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The National Botanic Gardens in Dublin were founded in 1795 and 200 hundred years later remain a peaceful and interesting place in which to spend a few hours. We were lucky to share our visit there with Noel Byrne who acted as our knowledgeable Dublin tour guide.

This is shot of the recently restored Great Palm House, one of several architecturally notable greenhouses in the gardens. Built in 1883 to replace an earlier wooden structure the greenhouse has recently been faithfully restored by the Office of Public Works (OPW) and was reopened in 2004.

Costing £800 when it was built in 1884, the Great Palm House was made of wood and iron and prefabricated in the Scottish town of Paisley by James Boyd & Son. It was shipped to Ireland in pieces and assembled on site: a Victorian flat-pack greenhouse, 65 feet high, 80 feet wide and 100 feet long.

In the years before the restoration, the Great Palm House had become seriously decayed and instable and was closed to the public in the early 2000s. After more than 100 years, its wrought iron, cast iron and timber construction had seriously deteriorated. Prior to its restoration a large number of panes of glass were breaking each year due to the corrosion and instability of the structure.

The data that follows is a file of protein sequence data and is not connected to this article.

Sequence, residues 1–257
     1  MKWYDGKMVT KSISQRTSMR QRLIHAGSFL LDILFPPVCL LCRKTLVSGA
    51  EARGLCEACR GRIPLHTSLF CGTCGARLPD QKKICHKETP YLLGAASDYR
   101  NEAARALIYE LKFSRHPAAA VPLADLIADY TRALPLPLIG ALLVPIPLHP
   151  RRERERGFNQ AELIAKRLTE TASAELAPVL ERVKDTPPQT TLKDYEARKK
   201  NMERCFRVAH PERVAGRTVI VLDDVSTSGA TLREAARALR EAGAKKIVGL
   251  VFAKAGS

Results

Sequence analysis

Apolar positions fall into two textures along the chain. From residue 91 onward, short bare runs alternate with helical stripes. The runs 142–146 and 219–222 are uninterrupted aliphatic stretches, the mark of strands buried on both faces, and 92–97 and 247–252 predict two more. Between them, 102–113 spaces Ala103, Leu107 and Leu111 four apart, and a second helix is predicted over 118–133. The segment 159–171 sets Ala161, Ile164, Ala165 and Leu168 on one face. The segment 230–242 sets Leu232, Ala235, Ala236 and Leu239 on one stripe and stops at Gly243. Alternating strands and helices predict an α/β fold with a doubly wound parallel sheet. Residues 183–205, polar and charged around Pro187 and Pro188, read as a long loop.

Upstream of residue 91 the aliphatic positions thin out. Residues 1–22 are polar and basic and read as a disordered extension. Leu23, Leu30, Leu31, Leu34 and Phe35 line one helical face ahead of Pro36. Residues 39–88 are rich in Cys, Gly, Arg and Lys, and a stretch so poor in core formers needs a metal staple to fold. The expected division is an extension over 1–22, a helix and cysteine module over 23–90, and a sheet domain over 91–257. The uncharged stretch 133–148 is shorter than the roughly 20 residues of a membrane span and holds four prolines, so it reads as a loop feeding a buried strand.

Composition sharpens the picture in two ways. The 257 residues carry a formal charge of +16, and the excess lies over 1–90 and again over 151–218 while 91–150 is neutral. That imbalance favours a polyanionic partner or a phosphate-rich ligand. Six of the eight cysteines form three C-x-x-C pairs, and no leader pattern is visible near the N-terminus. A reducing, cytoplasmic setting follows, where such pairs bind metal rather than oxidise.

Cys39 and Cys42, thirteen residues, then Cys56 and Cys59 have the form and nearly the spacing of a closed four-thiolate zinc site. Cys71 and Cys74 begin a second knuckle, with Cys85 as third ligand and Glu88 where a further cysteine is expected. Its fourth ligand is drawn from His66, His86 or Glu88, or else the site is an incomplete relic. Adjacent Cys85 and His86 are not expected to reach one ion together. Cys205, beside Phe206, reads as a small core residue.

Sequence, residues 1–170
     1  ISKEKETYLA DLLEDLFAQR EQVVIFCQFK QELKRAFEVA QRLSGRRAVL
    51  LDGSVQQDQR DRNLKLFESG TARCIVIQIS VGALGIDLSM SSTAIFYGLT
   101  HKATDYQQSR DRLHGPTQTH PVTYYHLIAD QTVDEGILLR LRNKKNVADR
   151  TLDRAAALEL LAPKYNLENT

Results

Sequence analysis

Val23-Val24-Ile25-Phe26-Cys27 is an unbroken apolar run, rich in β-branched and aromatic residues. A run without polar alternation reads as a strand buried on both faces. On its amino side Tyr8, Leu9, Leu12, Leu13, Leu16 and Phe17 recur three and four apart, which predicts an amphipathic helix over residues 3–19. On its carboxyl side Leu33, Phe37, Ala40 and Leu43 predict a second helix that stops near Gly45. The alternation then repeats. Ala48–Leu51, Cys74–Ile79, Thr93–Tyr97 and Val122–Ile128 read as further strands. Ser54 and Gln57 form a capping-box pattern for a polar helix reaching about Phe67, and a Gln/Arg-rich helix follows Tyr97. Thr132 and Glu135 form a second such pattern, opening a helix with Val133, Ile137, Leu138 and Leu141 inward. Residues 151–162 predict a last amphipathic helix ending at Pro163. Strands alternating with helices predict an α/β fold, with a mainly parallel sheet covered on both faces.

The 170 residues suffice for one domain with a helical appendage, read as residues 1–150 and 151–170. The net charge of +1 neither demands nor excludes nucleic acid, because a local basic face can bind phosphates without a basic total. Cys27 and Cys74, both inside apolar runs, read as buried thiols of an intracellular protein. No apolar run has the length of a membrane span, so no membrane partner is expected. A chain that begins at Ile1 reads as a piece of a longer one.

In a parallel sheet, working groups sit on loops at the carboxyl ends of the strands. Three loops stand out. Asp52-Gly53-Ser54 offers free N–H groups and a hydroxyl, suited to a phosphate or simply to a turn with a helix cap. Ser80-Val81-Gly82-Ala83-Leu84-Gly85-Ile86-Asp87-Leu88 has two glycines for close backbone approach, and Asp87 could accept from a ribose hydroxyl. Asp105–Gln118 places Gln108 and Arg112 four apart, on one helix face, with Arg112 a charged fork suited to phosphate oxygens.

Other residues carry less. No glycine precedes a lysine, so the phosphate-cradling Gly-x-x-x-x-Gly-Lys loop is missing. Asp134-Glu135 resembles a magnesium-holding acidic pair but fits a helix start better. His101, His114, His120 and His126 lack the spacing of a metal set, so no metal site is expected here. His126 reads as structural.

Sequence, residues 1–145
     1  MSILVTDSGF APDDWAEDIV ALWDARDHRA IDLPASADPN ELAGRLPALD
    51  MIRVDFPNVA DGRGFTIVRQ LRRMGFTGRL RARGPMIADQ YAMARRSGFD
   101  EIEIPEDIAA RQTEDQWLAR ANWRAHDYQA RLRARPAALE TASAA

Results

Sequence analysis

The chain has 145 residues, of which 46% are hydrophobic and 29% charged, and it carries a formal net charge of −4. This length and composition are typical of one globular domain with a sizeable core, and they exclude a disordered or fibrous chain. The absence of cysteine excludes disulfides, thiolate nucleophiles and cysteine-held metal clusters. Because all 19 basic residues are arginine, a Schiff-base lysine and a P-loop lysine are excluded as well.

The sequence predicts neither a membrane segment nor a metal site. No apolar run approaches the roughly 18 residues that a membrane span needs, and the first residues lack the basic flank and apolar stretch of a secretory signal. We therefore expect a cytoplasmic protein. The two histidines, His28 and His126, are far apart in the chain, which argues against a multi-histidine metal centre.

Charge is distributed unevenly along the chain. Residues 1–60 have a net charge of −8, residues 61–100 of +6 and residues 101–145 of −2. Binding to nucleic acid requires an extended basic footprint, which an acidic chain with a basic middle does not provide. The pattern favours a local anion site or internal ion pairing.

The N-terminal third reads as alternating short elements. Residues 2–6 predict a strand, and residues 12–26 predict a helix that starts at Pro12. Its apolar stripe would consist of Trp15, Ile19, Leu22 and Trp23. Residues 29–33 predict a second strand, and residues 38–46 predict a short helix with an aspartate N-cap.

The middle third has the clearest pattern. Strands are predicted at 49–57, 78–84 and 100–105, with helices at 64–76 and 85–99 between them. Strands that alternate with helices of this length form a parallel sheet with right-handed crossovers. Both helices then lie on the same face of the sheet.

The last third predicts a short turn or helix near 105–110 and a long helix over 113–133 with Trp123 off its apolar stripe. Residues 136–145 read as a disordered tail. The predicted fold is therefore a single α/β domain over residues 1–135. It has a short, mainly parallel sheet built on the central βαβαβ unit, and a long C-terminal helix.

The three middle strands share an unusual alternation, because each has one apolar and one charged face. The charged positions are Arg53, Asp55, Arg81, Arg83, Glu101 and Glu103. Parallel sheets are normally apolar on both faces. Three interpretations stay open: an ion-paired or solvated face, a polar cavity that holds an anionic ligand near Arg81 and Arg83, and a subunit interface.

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This photograph is copyright of Rosemary Walden - © Rosemary Walden 2013. All rights reserved. Any redistribution or reproduction of the image in any form is prohibited. You may not, except with my express written permission, copy, reproduce, download, distribute or exploit the content. Nor may you transmit it or store it in any other website or other form of electronic retrieval system

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Additional Photos by Rosemary Walden (SnapRJW) Gold Star Critiquer/Gold Star Workshop Editor/Gold Note Writer [C: 2657 W: 72 N: 6436] (29248)
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